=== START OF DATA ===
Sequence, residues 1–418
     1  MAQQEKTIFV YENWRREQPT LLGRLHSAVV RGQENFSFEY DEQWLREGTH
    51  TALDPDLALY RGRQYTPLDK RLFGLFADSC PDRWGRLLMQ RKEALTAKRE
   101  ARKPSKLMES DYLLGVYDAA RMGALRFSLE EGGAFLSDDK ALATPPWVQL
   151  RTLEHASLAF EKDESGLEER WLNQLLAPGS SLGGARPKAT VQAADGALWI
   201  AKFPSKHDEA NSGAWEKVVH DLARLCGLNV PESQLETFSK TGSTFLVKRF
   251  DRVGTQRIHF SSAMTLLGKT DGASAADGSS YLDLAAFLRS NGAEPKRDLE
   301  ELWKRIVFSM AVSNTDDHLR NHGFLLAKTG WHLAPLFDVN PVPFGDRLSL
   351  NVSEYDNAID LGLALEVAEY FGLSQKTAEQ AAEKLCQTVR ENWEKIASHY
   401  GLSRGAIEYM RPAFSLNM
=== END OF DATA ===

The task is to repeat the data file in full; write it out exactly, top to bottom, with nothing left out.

Sequence, residues 1–418
     1  MAQQEKTIFV YENWRREQPT LLGRLHSAVV RGQENFSFEY DEQWLREGTH
    51  TALDPDLALY RGRQYTPLDK RLFGLFADSC PDRWGRLLMQ RKEALTAKRE
   101  ARKPSKLMES DYLLGVYDAA RMGALRFSLE EGGAFLSDDK ALATPPWVQL
   151  RTLEHASLAF EKDESGLEER WLNQLLAPGS SLGGARPKAT VQAADGALWI
   201  AKFPSKHDEA NSGAWEKVVH DLARLCGLNV PESQLETFSK TGSTFLVKRF
   251  DRVGTQRIHF SSAMTLLGKT DGASAADGSS YLDLAAFLRS NGAEPKRDLE
   301  ELWKRIVFSM AVSNTDDHLR NHGFLLAKTG WHLAPLFDVN PVPFGDRLSL
   351  NVSEYDNAID LGLALEVAEY FGLSQKTAEQ AAEKLCQTVR ENWEKIASHY
   401  GLSRGAIEYM RPAFSLNM